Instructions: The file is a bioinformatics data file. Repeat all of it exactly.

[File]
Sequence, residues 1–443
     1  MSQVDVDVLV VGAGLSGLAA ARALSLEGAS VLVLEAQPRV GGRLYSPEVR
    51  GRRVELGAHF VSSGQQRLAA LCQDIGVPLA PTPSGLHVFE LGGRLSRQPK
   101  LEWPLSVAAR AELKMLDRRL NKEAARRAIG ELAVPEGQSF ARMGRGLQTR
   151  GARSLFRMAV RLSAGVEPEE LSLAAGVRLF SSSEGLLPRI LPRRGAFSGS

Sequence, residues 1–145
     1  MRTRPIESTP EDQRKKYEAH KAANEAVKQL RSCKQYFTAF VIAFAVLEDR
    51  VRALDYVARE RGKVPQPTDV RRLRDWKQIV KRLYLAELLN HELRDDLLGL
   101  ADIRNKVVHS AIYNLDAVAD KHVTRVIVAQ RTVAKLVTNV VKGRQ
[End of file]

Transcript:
Sequence, residues 1–443
     1  MSQVDVDVLV VGAGLSGLAA ARALSLEGAS VLVLEAQPRV GGRLYSPEVR
    51  GRRVELGAHF VSSGQQRLAA LCQDIGVPLA PTPSGLHVFE LGGRLSRQPK
   101  LEWPLSVAAR AELKMLDRRL NKEAARRAIG ELAVPEGQSF ARMGRGLQTR
   151  GARSLFRMAV RLSAGVEPEE LSLAAGVRLF SSSEGLLPRI LPRRGAFSGS

Sequence, residues 1–145
     1  MRTRPIESTP EDQRKKYEAH KAANEAVKQL RSCKQYFTAF VIAFAVLEDR
    51  VRALDYVARE RGKVPQPTDV RRLRDWKQIV KRLYLAELLN HELRDDLLGL
   101  ADIRNKVVHS AIYNLDAVAD KHVTRVIVAQ RTVAKLVTNV VKGRQ